National Review has begun serializing the journalist Steven Vincent's book "In The Red Zone", an account of a journey through the post-Saddam landscape. The dominant force behind the insurgency, he argues, is a sense of national shame. One encounter captures the mood:

"She was a Sunni Muslim, an attractive, thirty-something writer, one of the few women I met who eschewed a scarf in public. And she was overjoyed at the demise of Saddam. "I am so happy! Freedom at last! The world is open to me now!" she exclaimed during a small social function at an art gallery in Karada. 'Can you recommend some American magazines I might send my writing to?'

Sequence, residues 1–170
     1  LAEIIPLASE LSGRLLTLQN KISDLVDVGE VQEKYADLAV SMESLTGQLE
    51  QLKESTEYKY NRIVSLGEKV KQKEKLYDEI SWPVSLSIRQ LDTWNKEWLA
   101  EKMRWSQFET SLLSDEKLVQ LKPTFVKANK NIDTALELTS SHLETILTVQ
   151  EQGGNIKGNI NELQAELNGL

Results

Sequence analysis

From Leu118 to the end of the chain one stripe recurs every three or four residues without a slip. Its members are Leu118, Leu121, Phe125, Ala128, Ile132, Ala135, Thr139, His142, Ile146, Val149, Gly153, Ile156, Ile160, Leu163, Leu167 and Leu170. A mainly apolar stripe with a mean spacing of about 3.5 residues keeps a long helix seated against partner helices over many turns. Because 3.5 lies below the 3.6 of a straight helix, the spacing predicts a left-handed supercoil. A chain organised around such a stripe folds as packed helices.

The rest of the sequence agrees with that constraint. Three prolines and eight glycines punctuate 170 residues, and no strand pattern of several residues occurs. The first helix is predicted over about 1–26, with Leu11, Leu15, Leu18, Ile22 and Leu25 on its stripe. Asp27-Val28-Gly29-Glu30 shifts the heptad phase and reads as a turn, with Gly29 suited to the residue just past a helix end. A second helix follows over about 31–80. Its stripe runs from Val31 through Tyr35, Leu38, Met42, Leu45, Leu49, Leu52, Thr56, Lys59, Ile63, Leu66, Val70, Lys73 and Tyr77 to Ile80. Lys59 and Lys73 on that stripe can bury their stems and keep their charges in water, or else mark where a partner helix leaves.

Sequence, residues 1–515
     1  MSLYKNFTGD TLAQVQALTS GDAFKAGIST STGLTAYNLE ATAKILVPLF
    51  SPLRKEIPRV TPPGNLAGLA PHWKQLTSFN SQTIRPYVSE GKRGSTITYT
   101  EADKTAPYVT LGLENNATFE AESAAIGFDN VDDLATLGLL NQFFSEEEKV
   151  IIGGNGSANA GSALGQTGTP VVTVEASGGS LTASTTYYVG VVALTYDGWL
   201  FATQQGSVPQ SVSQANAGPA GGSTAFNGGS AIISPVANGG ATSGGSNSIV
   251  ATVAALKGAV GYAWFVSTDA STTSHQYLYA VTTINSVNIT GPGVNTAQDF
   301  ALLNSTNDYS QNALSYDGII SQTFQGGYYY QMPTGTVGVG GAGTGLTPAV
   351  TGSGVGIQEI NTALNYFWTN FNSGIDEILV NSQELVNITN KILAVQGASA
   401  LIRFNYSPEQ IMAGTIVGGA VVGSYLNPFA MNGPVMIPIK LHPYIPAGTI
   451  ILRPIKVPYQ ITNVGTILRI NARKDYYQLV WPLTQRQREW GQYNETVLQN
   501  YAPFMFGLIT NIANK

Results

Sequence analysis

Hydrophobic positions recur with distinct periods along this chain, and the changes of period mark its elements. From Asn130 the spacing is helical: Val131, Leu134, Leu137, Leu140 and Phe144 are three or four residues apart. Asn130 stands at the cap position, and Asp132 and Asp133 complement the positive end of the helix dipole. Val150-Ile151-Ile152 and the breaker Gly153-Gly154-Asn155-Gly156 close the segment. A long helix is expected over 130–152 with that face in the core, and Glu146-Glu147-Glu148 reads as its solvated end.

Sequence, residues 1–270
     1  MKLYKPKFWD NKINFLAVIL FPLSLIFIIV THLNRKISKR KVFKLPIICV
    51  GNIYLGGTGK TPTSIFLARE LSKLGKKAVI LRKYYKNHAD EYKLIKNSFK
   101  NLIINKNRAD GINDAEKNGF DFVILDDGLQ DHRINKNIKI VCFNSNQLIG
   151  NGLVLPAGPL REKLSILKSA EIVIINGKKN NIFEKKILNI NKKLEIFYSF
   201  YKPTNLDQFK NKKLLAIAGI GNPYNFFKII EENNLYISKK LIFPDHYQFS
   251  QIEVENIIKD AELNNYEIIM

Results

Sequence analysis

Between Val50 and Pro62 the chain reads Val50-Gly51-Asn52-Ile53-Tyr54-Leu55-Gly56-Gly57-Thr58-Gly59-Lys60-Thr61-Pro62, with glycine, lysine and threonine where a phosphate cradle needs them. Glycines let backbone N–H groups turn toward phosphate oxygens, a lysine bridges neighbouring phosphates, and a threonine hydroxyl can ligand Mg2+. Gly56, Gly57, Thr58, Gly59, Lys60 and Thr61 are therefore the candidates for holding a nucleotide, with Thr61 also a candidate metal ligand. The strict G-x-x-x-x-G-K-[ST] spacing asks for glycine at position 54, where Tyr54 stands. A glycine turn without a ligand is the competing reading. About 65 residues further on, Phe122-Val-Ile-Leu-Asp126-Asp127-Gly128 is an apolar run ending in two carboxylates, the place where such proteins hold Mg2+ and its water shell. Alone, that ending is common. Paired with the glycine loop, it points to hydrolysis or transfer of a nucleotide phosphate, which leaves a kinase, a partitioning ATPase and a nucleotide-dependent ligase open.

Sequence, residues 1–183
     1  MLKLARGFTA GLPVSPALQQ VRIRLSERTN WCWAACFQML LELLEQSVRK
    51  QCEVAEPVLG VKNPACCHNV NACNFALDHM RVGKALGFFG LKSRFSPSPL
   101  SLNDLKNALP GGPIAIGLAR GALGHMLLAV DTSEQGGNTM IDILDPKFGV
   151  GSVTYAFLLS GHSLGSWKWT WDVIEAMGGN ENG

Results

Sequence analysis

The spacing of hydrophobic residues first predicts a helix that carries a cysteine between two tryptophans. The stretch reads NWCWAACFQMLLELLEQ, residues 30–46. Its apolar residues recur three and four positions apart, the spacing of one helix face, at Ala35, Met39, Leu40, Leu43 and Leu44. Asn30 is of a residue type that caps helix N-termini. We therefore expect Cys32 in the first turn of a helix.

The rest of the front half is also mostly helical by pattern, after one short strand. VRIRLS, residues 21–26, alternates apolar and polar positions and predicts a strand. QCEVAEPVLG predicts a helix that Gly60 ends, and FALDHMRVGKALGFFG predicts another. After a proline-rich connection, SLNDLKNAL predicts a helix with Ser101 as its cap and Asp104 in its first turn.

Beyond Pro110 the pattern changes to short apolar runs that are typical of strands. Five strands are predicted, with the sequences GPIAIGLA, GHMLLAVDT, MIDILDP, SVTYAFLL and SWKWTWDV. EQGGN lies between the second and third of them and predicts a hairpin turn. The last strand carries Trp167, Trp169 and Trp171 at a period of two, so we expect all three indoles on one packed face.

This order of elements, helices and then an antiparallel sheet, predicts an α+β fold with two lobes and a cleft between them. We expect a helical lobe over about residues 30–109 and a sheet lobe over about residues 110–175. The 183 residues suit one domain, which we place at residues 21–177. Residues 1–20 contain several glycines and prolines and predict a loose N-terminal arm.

"I promised I'd draw up a list of suitable periodicals, then added — carelessly, for this was my first trip to Iraq — 'You must not mind seeing American soldiers on the streets.'

The woman's smile vanished. Her brow darkened and she shook her head. 'Oh, no. I hate the soldiers. I hate them so much I fantasize about taking a gun and shooting one dead.'

Stunned by her vehemence, 'But American soldiers are responsible for your freedom!' I replied.

'I know, the woman snarled. 'And you can't imagine how humiliated that makes me feel.'
|||Clive|||http://clivedavis.blogspot.com/2004/12/resistance-in-iraq-national-review-has.html|||12/14/2004 03:19:00 pm|||||||||